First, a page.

What's your most recently purchased book? What was the last book you bought based on the cover? Do you visit books for a while before buying them? Tell me all.

Wednesday, 7 September 2016

Readership and Authorship // Why I Have Qualms About The Cursed Child

Well do I remember discovering, last year, that there was going to be a new Harry Potter story.

I was so excited! More Harry! Ron! Hermione! Hogwarts! The story we thought was over, continuing! 

This buzz of excitement continued for months and months. As the 31st of July, the release date, approached, it filled me still ... didn't it?

On the 1st of August I got to Waterstones, where Harry Potter decorations covered the shopfront. I went to where the book sat, stacks and stacks of copies, on a table right by the door. Hundreds more copies were lined behind the tills, replenishing the stock as hoards of hungry Potterheads came in brandishing their tenners.

I didn't buy it.

What, what?! There is a new Harry Potter book and I am yet to buy it. There is a new Harry Potter, and I have not ripped it apart with my ravenous jaws.

Image result for ron are you mental gif

You're shocked. I'm shocked. Ron's shocked. We're all shocked. But let me explain to you why I have qualms about The Cursed Child.

The thing I hadn't realised before I picked the book up is that it isn't by JK Rowling. On the cover it says “JK Rowling" in massive letters, but on closer inspection: “Based on a new story idea by JK Rowling. // A new play by Jack Thorne". Wait a minute. Who the frick frack is Jack Thorne?!

I'm not that into fanfiction. There are many reasons for this. The main one is that, as a writer, the thought of someone else writing about my characters makes me almost physically nauseous. They say “the book belongs to the reader", and I totally believe that readers can find things in books that the author may not have known themselves; the reader can keep imagining the word beyond the page. Of course, that's a good thing, because we love stories and want to keep them in our hearts. But there's a difference between treasuring a particular book and thinking about it ... and publishing a book which you're calling “Harry Potter #8". Personally, I don't see how Jack Thorne can make the decisions about what JK Rowling's characters are doing, thinking and saying; how he can call the shots on what's going on in her world.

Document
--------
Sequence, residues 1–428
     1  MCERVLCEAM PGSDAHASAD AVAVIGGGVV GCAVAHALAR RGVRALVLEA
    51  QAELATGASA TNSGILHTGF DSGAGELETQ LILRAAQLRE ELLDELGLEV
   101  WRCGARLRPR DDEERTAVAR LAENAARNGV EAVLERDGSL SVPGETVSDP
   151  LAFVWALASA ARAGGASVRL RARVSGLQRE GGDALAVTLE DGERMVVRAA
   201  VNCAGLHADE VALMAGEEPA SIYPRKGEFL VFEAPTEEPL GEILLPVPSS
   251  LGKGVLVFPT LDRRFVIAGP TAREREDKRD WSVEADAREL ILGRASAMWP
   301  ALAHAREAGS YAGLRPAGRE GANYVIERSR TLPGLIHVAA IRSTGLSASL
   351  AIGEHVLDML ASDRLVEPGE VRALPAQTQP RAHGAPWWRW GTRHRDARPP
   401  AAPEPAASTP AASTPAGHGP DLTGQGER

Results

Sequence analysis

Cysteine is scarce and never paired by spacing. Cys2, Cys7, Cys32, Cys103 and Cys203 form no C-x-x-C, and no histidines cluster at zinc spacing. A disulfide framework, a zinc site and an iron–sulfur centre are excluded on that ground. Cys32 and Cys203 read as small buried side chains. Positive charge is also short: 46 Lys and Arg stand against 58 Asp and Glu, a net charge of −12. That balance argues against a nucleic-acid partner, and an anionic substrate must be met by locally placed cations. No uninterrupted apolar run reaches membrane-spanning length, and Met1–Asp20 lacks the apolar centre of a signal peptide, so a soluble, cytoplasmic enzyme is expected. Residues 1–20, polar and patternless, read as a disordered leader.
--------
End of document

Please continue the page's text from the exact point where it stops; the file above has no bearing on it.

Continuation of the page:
Of course, we've got to try and see it from JK Rowling's point of view. She loves Harry Potter. She has created a vast, incredible world that has now been in her mind for decades, and it's incredibly hard to let go of that. I would be amazed, perplexed, even aggrieved if I thought that, following Deathly Hallows' publication in 2007, she wasn't still thinking about her characters and her world. She knows them. She has a relationship with her characters -- not of a creator to some sort of AI, but of equals in a journey, discovering a story. Sometimes characters take years to reveal things to you. But should she share this with the fans?

I found an interesting quotation from Maggie Stiefvater on this topic:
“Some people come up to me and ask me to give them material outside the books — for instance, what is Gansey’s favorite ice cream flavor? I never respond to them. Personally, I think it’s unfair — it rewards only some readers and not those who don’t dig through all the archives to find the new little factoids.”